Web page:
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Sometimes the word universe is just used colloquially and can just refer to everything on some side of a horizon (an event horizon, a causality horizon, etc.) But when used precisely, I'm sure different definitions are used in different fields. For instance, in mathematical general relativity, you assume that your universe is a connected four dimensional ...


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If the question is asking whether there is a definition that encapsulates our universe, then I believe the answer is No. This is because encapsulating a "space" into a formal system requires defining bounds. However, we don't know the bounds of our own universe--let alone what bounds might be possible for any universe. We can only describe what we can ...


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The problem is analogous to the physics of gases. Do we need to describe the chaotic motion of every molecule before we can determine overall properties? No.


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this may or may not be a misunderstanding, but there is no centre of the universe. Imagine the universe as being the surface of an expanding balloon, with all the galaxies and stars on the surface, being stretched away from each other. Just as there is no centre, for example, of the Earth's surface, there is no centre of the universe. If by 'centre' you mean ...


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This is a good idea... Dark matter by definition doesn't interact electromagnetically (i.e. it has no charge). Therefore its cross section $\sigma$ for absorbing radiation and being pushed away from an accreting object is $0$, at least to first order. You could look at higher-order effects, like its neutrino-absorption cross section, to calculate some ...


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This is a difficult question for many reasons. One reason is likely because most of the introductory thermodynamics textbook problems that we are familiar with from childhood do not involve gravity. To illustrate this difficulty with gravity consider, for example, this snippet from an article in the New York Times Review of Books by physicist/mathematician ...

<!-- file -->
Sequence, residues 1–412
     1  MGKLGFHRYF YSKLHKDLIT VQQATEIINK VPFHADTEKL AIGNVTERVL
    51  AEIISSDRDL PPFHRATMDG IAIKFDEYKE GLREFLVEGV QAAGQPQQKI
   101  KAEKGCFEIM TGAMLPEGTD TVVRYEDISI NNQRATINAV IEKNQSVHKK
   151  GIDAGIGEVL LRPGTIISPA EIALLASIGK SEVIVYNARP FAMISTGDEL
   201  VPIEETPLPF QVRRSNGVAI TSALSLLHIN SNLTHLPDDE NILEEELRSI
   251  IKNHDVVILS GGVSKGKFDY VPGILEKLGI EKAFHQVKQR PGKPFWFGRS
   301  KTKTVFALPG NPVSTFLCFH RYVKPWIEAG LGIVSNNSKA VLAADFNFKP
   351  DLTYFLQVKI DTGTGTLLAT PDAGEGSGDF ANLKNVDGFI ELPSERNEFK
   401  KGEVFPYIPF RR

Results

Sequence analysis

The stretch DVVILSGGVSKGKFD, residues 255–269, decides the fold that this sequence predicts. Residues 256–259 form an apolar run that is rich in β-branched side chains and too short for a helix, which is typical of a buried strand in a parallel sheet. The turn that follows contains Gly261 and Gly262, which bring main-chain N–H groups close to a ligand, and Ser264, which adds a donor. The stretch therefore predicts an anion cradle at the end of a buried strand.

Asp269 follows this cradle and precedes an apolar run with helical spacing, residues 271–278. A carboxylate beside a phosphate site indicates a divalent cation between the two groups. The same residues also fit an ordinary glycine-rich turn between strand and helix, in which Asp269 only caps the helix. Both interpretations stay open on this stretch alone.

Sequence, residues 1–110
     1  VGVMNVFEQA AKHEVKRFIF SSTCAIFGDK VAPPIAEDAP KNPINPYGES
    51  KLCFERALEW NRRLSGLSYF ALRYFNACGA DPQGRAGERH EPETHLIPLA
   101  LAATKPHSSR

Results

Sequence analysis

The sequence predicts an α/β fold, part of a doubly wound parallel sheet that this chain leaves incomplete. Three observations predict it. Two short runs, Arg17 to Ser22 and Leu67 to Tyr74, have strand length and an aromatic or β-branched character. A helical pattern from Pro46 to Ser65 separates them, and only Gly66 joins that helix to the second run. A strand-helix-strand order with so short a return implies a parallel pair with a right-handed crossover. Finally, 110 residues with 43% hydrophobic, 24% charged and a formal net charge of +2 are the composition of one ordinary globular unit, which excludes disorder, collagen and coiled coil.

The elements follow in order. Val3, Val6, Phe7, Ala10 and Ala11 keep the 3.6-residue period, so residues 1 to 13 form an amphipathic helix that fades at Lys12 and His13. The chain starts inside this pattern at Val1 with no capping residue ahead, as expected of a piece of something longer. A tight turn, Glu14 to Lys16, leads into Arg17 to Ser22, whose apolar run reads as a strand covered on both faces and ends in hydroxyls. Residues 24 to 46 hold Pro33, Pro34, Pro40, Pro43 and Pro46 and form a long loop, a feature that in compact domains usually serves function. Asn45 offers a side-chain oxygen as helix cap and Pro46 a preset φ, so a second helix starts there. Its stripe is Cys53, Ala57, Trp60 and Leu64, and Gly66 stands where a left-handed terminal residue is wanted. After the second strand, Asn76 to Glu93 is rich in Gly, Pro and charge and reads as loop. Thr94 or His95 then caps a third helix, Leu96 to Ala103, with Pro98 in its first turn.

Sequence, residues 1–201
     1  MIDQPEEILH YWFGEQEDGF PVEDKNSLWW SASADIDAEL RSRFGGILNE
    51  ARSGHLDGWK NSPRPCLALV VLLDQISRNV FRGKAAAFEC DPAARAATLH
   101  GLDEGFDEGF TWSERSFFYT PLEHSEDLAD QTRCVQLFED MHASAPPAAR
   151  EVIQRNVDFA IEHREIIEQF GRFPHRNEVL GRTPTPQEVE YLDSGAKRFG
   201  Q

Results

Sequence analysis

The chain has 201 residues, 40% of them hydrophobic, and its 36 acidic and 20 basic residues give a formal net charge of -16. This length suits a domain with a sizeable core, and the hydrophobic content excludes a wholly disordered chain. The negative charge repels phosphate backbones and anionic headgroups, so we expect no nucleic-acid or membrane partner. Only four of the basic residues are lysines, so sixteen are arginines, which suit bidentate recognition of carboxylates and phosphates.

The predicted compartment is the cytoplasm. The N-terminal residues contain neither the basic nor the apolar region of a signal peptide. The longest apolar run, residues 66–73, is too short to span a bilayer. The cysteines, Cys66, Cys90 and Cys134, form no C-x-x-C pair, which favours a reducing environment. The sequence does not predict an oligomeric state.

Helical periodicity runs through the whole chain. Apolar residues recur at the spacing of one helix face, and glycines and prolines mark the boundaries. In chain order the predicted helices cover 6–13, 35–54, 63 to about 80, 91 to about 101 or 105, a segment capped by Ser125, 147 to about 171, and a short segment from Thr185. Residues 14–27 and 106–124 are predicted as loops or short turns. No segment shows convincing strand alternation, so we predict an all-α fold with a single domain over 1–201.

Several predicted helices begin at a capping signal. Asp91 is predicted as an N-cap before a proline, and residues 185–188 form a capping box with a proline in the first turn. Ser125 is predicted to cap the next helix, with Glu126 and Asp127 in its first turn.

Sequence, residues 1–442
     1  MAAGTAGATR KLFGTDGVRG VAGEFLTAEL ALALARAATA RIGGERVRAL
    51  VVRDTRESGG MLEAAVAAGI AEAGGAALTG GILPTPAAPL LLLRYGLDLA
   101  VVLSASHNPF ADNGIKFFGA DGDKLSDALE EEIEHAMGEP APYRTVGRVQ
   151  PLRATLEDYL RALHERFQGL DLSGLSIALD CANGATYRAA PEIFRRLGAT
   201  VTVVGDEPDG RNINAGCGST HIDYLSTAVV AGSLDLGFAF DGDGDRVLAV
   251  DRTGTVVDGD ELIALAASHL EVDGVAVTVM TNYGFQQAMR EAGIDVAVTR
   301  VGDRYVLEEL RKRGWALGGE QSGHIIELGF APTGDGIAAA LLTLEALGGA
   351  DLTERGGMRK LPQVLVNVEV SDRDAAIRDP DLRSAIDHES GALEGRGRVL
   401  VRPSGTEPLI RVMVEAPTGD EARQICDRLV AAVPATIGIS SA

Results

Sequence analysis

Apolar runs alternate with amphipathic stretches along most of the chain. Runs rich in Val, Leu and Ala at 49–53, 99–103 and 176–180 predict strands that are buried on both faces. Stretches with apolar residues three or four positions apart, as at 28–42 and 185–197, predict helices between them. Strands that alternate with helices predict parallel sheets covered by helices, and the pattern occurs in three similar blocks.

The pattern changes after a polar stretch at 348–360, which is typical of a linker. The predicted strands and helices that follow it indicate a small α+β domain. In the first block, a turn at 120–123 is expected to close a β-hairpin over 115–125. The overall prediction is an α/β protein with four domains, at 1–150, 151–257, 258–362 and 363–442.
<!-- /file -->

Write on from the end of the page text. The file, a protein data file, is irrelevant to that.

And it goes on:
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It's an example of adiabatic expansion. If you have a container full of gas and you expand the container, the gas cools. Entropy is preserved. Adiabatic processes preserve entropy. Any decrease in entropy due to lowered energy, and correspondingly fewer possible velocities for the particles, is offset by an increase in entropy due to the expanding volume, ...


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Let me show you that there is no contradiction by pointing out e.g. that for ordinary expansion periods (that is away from first order phase transitions, decouplings...) the total entropy is actually constant in time while the universe is getting bigger and cooler. Or, going back in time, the universe is getting hotter while S is kept constant. How is this ...


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Yes you are correct Sophia. This is a major component of the standard model itself, which concludes the opposite (that space is expanding in an infinite cosmos), but the only reason a conclusion like that comes about, is because what we observe is indistinguishable from being at the centre of a finite universe that races away from precisely us, uniformly in ...



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